The music of Chico and the Gypsies and the cheers from the packed Roi Baudoin stadium, as Prince Philippe of Belgium greeted the stars competing in this penultimate leg of the IAAF Golden League gave the off to an evening of music and athletics such as only the Van Damme Memorial can provide.
Wilson Kipketer may have been pushed by South Africa’s Hezekiel Sepeng in Seville, where the Dane won the dip to take the gold medal by 2 hundredths of a second, but he was not making the same mistakes here in Brussels. Paced by David Kiptoo through to the 600 metre mark, Kipketer took over the lead and chased by Sepeng kicked for home. This time there was no photo, with Sepeng never getting closer than a couple of metres behing Kipketer as the World Champion crossed the line in 1:42.29 (400m split 48.96), the fastest time in the world this year and Kipketer’s guarantee that he would go into the final leg of the IAAF Golden League with the hope of winning at least a half-share of the million dollar jackpot. The race was also one of the overall fastest on record, with the first four places all going under 1:43 and no fewer than three national records: Sepeng (RSA) with 1:42.69 in second place, Andre Bucher (SUI) 1:42.92 in fourth place and Djabir Said-Guerni (ALG) 1:43.09 in fifth place.
Moroccan phenomenon Hicham El Guerrouj recorded the second fastest performance ever in the 3000m, as he continued in his quest to bring all of the world records of the legendary Said Ouita back to Morocco. El Guerrouj’s time of 7:23.09 was less than two and a half seconds off the record of 7:20.67 set by Kenya’s Daniel Komen in Rieti on 1 September 1996 and gave El Guerrouj the satisfaction of setting a new national record for the distance. Kenyan Benjamin Limo took second place with 7:33.86 and El Guerrouj’s compatriot Smail Sghyr third, with 7:34.14. El Guerrouj was paced through 1000m in 2:27.27 by Vyacheslav Shabunin (RUS) and through 2000 in 4:53.55 by France’s Abdelkader Chekhemani.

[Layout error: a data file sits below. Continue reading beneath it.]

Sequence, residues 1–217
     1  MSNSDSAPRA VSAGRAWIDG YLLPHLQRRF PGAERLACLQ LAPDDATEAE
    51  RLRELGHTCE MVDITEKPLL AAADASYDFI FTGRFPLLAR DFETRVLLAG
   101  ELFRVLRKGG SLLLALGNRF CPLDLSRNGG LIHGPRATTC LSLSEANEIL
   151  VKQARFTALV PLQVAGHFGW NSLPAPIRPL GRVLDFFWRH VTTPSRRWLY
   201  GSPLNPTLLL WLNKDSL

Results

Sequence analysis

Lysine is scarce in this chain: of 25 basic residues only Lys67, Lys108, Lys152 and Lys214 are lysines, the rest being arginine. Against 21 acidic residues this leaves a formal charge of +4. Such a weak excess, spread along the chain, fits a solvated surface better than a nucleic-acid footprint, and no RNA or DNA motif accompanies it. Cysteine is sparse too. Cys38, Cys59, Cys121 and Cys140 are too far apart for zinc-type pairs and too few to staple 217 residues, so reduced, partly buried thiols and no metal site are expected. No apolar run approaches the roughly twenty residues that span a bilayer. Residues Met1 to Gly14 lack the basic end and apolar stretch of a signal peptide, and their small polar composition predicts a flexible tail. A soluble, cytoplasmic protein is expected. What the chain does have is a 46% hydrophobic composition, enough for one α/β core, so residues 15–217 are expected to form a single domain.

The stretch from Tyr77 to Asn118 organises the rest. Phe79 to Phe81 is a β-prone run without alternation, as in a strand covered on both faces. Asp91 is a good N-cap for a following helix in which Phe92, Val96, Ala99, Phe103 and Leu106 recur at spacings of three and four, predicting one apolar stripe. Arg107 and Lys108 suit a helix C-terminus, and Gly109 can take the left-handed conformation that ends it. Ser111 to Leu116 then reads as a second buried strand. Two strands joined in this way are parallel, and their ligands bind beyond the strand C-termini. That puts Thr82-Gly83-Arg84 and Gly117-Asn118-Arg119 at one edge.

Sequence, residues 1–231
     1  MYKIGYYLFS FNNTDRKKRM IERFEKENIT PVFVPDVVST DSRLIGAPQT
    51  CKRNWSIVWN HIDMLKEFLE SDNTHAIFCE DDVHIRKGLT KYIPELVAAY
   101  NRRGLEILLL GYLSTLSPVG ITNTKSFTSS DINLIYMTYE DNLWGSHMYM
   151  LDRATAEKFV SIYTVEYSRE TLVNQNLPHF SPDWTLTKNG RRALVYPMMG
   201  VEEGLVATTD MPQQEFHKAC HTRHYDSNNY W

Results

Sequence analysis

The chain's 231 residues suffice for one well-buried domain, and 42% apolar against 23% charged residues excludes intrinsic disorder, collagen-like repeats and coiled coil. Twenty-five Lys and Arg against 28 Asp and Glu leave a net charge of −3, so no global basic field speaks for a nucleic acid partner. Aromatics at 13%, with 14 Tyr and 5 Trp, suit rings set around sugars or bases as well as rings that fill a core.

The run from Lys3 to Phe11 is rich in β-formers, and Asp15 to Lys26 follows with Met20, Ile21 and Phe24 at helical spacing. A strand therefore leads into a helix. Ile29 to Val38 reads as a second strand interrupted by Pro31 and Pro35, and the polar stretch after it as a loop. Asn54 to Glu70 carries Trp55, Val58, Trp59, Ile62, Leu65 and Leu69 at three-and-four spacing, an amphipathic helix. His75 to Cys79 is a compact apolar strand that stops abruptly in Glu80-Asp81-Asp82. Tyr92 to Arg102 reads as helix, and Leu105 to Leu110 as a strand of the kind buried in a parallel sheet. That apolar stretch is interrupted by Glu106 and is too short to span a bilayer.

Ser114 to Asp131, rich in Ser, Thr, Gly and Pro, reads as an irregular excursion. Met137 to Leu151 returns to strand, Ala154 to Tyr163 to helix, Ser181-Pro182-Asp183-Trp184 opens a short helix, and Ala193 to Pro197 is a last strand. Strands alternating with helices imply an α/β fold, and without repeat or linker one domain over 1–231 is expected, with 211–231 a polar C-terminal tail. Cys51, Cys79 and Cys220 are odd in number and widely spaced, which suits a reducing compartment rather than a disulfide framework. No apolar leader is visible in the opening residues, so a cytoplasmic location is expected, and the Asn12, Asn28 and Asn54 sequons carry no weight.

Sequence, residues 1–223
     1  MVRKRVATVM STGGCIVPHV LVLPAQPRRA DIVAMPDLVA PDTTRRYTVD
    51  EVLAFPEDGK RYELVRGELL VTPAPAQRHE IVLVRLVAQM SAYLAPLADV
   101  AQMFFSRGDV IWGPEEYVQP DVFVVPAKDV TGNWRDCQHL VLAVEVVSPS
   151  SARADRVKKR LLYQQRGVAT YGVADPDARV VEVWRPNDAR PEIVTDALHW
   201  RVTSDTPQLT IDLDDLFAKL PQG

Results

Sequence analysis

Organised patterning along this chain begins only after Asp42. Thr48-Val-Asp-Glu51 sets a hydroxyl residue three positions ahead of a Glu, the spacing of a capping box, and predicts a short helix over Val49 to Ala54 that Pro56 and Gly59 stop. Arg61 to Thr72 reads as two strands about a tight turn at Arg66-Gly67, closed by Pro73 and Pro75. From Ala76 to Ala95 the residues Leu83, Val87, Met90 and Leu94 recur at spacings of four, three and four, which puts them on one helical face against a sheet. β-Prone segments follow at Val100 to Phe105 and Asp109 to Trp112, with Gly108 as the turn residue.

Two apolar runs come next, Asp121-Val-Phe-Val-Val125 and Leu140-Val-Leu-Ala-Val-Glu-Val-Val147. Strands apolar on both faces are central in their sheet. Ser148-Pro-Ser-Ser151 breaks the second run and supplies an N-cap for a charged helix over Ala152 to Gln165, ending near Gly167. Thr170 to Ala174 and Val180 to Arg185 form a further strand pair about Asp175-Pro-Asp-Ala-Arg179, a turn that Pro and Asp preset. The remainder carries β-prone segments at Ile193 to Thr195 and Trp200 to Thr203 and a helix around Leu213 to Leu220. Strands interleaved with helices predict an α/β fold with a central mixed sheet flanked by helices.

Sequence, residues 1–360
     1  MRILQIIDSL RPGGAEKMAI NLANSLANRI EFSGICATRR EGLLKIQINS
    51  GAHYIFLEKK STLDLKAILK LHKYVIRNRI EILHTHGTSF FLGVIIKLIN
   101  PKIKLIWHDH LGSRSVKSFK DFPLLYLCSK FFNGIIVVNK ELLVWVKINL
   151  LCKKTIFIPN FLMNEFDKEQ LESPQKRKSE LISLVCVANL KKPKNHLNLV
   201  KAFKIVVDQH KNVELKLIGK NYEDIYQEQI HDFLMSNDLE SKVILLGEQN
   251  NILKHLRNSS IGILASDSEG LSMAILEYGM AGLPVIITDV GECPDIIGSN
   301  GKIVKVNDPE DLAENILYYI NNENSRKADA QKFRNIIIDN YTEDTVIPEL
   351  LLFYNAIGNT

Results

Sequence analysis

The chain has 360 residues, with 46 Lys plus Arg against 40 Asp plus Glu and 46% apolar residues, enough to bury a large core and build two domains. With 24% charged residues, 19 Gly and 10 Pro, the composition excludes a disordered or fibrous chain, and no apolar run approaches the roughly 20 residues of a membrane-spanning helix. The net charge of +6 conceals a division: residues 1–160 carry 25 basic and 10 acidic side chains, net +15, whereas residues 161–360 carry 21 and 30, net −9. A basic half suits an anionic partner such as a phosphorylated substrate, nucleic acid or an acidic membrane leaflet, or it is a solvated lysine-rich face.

Meanwhile, Kenya's latest pretendant to El Guerrouj's record store, Noah Ngeny was making yet another attempt at the Moroccan's 1500m record. Once more unsuccessfully, this time clocking 3:29.19. His next attempt will be at the 1000m in Rieti on Sunday.
Michael Johnson’s promise of a fast 200m was fulfilled, as the Waco Express powered through the race from the blocks and came home in 19.92, metres ahead of second-placed Claudinei Da Silva, who was timed across the line in 20.10 to the delight of 50,000 spectators filling the stands.
In a repeat of a scene we have witnessed throughout the IAAF Golden League this year, Romania’s Gabriela Szabo streaked home to ensure her place in the final trial of the series and a chance of winning the million dollars prize at the end of the trail. Despite a spirited attack from Zahra Ouaziz, who had led for much of the later stage of the race, until Szabo took over the lead two hundred metres from the finish line, the slight Romanian managed to hold her lead to the end, going through the photocell in 8:25.82 for a new meeting record. Ouaziz clocked 8:27.01 in second place. Portuguese 1500m specialist gave an excellent performance, to take third place in 8:32.45. Afterwards, Szabo said that she would not just be happy to win in Berlin:"Of course I’m very happy with the win, as from now on I will only be concentrating on Berlin.I want to win, but I also want to run a fast time in Berlin."